Retro gaming has changed. Once upon a time it was all about dusting off machines secreted in the attic, or fiddling with emulators. Now it’s sitting on a train, bored, and suddenly noticing you still have Doodle Jump installed. All of a sudden you’re transported back to the heady days of 2009.
Times were better. “P-P-P-P-oker face!”: Remember that one? Ah, memories.
In these days of cheap prices, quick downloads and near instant gratification our mobile games are consumed, then left behind. There are some constants (Drop7 being mine) but otherwise so many games become the flotsam and jetsam we leave behind us. They lurk on our menu screens, but our eyes somehow don’t focus on them anymore. They’re less a potential game-time deposit, and more the screen furniture that’s always lurking two to the left from Facebook, and a diagonal away from Grindr.
Unlike your slight returns to games of yesteryear in search of nostalgia however, which rarely mature well, it’s somewhat fascinating that the longer you leave iOS titles alone – the more they change. Development is no longer static and so, for better or worse, games can keep up to date with all the modern trends.
When I left Doodle Jump it was a straight infinite platform jumper – a fuzzy sketch forever leaping with only your tilt as a guide, and a selection of monsters to avoid and jetpacks to pounce upon. Now the lovely little Doodle can leap through graveyards, yuletide scenes, jungles, the infinite depths of space, the World Cup and – a new addition- Ninja stuff.
There’s also a store where you can use the gold coins you harvest on your ascent to buy vital ninja gear like resurrection barrels, head start cannons and sumo belts. I might have dreamt it – but shooting monsters doesn’t seem to be such a monumental pain in the arse either.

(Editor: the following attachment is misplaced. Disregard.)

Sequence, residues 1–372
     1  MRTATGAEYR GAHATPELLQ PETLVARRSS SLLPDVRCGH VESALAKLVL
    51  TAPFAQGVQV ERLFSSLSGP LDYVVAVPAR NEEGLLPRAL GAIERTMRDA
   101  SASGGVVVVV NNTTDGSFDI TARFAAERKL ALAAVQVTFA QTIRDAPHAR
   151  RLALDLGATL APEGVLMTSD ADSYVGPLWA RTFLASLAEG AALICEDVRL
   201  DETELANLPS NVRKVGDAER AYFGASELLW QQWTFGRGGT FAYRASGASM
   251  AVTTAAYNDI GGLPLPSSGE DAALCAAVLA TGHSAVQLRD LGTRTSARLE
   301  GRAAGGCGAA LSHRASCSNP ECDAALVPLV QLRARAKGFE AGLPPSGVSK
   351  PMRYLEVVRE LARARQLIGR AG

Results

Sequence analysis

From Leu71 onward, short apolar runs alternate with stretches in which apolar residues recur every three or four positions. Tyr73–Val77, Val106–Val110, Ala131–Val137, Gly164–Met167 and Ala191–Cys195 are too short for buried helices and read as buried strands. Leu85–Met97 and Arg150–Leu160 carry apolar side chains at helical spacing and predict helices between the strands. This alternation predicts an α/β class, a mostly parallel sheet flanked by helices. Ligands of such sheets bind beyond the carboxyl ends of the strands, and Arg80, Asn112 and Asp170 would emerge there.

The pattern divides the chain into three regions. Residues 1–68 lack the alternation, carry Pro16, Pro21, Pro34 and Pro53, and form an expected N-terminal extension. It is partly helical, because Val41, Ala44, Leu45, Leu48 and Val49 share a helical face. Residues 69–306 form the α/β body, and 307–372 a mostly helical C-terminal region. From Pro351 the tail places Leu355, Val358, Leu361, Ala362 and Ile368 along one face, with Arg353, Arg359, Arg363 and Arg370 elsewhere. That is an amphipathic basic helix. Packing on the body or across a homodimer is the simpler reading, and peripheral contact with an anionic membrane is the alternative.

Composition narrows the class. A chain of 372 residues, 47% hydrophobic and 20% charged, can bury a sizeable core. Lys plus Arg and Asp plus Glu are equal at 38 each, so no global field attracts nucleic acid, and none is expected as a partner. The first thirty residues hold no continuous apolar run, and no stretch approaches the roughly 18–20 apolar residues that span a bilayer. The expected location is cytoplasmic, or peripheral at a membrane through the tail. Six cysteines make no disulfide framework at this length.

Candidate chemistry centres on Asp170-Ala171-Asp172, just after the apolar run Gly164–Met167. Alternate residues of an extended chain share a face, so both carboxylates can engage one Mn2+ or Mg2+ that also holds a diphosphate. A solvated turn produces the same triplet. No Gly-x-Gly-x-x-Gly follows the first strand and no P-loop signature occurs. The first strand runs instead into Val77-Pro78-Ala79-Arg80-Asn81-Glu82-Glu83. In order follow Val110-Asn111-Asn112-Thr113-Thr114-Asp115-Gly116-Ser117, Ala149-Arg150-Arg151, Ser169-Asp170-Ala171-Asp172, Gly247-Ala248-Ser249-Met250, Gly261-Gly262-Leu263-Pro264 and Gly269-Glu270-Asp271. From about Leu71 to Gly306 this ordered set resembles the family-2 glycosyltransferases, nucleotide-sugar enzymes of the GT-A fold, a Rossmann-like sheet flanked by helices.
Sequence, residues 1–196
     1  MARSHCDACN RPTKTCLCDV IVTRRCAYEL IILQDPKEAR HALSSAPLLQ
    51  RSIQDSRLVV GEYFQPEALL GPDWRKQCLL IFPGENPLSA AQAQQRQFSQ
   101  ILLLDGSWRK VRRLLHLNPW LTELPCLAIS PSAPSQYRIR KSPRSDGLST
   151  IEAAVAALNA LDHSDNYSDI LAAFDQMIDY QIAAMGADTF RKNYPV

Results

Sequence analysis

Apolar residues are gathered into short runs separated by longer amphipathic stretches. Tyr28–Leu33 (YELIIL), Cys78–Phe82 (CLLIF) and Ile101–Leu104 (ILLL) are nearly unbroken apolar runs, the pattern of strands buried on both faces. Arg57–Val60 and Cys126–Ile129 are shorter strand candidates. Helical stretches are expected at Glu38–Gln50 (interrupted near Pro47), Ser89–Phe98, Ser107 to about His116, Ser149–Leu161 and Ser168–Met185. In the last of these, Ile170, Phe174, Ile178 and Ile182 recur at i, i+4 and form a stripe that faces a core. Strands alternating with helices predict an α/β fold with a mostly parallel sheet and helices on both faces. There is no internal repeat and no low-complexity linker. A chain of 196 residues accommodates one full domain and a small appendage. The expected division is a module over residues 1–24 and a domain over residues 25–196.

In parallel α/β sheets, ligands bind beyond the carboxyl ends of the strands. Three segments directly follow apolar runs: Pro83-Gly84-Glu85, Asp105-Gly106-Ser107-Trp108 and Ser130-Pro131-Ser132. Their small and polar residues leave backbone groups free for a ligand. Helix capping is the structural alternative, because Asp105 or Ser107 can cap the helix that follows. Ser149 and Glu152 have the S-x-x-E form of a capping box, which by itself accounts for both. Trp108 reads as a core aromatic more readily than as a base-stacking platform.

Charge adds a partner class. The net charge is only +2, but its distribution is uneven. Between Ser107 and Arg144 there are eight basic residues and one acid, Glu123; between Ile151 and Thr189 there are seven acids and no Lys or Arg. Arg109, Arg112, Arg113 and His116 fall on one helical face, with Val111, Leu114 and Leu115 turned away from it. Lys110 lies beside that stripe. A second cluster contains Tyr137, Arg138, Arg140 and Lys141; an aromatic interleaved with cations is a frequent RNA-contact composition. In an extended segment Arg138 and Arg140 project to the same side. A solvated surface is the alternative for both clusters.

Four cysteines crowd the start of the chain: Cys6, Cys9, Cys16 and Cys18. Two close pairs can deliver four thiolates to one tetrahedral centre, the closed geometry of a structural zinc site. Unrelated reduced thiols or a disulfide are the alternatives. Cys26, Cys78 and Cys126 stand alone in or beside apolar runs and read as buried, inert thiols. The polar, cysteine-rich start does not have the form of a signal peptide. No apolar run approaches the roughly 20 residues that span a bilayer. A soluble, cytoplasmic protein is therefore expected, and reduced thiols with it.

Some largely cosmetic changes and variety tweaks sure, but Doodle Jump was never going to get a sexy lady side-kick, a bazooka and an traumatic origin story. Does the coin collection diminish the game’s status as a pure pursuit of ever higher heights? Well, maybe, but it certainly feels like more of a well-rounded game now – and one less likely to swiftly lose players to the next shiny thing they find.
I’m just finding it rather pleasant to live in a world where, as with Tiny Wings too, mobile game creators don’t feel the need to rush off elsewhere to create the next big thing. They’re quite happy to, arguably, rest on their laurels – but improve those laurels for those who never left, those who make an occasional return and the vast numbers of future Doodle adopters waiting in the wings.
Then again, if I’d made myself richer than Croesus through the success of a game as gorgeously simply as Doodle Jumper – I probably wouldn’t look beyond the horizon either. Just higher and higher on the rather lovely sequence of platforms I’d already found myself upon.
If you fancy giving Doodle Jump a whirl because WHERE HAVE YOU BEEN then you’ll find it under a sign that says 69p on the App Store.